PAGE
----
Wednesday, August 11, 2010
my father goes to court
My Father Goes to Court
By Carlos Bulosan
November 13, 1943
When I was four, I lived with my mother and brothers and sisters in a small town on the island of Luzon. Father’s farm had been destroyed in 1918 by one of our sudden Philippine floods, so for several years afterward we all lived in the town, though he preffered living in the country. We had a next-door neighbor, a very rich man, whose sons and daughters seldom came out of the house. While we boys and girls played and sand in the sun, his children stayed inside and kept the windows closed. His house was so tall that his children could look in the windows of our house and watch us as we played, or slept, or ate, when there was any food in the house to eat.
Now, this rich man’s servants were always frying and cooking something good, and the aroma of the food was wafted down to us from the windows of the big house. We hung about and took all the wonderful smell of the food into our beings. Sometimes, in the morning, our whole family stood outside the windows of the rich man’s house and listened to the musical sizzling of thick strips of bacon or ham. I can remember one afternoon when our neighbor’s servants roasted three chickens. The chickens were young and tender and the fat that dripped into the burning coals gave off an enchanting odor. We watched the servants turn the beautiful birds and inhaled the heavenly spirit that drifted out to us.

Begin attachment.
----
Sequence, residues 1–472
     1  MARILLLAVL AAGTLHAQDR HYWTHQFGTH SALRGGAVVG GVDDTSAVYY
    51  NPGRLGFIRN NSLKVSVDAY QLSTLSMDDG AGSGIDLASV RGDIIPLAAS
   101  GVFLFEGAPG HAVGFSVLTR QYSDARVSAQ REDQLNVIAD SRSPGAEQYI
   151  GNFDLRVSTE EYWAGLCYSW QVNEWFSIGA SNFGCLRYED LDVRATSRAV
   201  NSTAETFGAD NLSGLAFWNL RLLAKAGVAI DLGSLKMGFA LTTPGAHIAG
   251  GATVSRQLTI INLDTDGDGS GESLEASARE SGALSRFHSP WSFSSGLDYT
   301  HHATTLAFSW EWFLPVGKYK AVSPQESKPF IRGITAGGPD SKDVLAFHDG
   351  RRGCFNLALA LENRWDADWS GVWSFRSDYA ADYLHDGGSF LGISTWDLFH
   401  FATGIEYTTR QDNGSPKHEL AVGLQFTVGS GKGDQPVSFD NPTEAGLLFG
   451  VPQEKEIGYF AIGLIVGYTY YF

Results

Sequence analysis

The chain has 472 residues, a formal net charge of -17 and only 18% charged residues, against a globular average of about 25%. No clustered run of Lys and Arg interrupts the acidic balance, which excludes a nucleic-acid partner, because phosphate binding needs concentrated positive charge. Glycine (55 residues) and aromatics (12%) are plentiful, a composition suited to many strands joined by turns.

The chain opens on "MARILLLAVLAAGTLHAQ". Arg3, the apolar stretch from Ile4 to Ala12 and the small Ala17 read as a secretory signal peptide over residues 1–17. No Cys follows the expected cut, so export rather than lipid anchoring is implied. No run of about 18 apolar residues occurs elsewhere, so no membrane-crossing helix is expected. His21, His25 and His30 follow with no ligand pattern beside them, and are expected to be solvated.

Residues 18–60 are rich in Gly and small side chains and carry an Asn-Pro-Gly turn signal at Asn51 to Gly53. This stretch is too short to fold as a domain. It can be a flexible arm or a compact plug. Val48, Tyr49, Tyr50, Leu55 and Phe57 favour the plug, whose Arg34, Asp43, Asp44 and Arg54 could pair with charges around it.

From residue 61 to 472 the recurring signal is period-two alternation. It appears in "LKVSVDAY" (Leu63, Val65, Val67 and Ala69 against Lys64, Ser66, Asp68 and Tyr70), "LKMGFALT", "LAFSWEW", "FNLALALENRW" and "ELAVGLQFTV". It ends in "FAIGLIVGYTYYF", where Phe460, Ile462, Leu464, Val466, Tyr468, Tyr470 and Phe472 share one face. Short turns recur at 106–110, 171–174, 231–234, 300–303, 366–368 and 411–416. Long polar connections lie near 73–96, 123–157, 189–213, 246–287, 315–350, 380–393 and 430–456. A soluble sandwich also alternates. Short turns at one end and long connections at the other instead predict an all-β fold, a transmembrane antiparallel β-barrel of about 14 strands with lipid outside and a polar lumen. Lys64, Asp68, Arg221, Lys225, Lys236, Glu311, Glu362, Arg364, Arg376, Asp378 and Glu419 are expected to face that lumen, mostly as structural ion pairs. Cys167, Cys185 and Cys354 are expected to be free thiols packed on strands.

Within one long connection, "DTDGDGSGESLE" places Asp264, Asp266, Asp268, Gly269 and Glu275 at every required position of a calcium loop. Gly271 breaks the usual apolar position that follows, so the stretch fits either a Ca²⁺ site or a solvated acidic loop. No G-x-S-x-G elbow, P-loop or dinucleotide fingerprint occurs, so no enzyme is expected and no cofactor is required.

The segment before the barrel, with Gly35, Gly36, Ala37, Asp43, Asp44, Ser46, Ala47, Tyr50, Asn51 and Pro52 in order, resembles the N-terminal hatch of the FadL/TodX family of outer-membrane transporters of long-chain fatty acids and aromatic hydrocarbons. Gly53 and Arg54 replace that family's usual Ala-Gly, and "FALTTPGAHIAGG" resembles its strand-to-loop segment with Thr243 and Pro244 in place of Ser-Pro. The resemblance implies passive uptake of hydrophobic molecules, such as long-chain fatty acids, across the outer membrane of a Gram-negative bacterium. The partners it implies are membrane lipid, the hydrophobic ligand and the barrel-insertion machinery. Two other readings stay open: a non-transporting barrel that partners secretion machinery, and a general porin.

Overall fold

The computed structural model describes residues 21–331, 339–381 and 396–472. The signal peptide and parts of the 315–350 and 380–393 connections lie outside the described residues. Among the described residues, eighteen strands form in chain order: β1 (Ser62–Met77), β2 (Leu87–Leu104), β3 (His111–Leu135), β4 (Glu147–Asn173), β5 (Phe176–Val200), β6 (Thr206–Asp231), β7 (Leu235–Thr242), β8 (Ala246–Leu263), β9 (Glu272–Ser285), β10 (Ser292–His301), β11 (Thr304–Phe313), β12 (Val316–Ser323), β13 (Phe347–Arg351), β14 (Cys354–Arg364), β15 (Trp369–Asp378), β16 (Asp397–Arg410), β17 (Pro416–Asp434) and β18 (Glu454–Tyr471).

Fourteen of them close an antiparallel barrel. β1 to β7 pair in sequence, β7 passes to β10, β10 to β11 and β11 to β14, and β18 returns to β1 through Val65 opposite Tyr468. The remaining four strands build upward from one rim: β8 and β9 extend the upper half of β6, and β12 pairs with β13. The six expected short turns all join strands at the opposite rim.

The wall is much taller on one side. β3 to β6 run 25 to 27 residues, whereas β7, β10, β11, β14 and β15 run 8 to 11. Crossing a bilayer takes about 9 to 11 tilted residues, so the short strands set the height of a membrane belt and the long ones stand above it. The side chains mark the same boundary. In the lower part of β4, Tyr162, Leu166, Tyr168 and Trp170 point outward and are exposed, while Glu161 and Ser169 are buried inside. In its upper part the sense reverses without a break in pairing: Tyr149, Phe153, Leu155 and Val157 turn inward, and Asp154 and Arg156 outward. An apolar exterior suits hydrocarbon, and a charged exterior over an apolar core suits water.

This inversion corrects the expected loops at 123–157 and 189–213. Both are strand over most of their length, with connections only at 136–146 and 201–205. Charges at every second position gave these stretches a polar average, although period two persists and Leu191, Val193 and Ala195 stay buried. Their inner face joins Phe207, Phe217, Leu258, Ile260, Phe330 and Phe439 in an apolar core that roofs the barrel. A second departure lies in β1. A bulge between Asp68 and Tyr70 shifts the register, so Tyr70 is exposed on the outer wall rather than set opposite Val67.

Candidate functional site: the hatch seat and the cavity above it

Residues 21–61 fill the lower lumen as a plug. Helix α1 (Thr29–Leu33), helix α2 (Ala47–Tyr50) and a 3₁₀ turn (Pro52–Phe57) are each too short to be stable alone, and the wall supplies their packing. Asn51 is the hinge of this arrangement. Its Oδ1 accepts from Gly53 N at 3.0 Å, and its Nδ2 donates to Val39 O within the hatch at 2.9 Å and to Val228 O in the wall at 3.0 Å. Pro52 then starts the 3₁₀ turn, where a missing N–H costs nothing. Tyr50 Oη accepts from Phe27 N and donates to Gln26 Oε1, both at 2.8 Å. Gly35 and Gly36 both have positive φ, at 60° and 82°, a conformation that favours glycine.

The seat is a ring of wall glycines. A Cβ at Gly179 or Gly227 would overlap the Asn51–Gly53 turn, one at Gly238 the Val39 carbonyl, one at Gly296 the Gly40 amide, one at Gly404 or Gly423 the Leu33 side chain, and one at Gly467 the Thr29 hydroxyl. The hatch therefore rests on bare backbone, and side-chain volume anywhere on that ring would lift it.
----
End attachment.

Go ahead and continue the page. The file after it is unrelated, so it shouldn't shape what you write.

Some days the rich man appeared at a window and glowered down at us. He looked at us one by one, as though he were condemning us. We were all healthy because we went out in the sun every day and bathed in the cool water of the river that flowed from the mountains into the sea. Sometimes we wrestled with one another in the house before we went out to play.
We were always in the best of spirits and our laughter was contagious. Other neighbors
who passed by our house often stopped in our yard and joined us in our laughter.
Laughter was our only wealth. Father was a laughing man. He would go in to the living room and stand in front of the tall mirror, stretching his mouth into grotesque shapes with his fingers and making faces at himself, and then he would rush into the kitchen, roaring with laughter.
There was plenty to make us laugh. There was, for instance, the day one of my brothers came home and brought a small bundle under his arm, pretending that he brought something to eat, maybe a leg of lamb or something as extravagant as that to make our mouths water. He rushed to mother and through the bundle into her lap. We all stood around, watching mother undo the complicated strings. Suddenly a black cat leaped out of the bundle and ran wildly around the house. Mother chased my brother and beat him with her little fists, while the rest of us bent double, choking with laughter.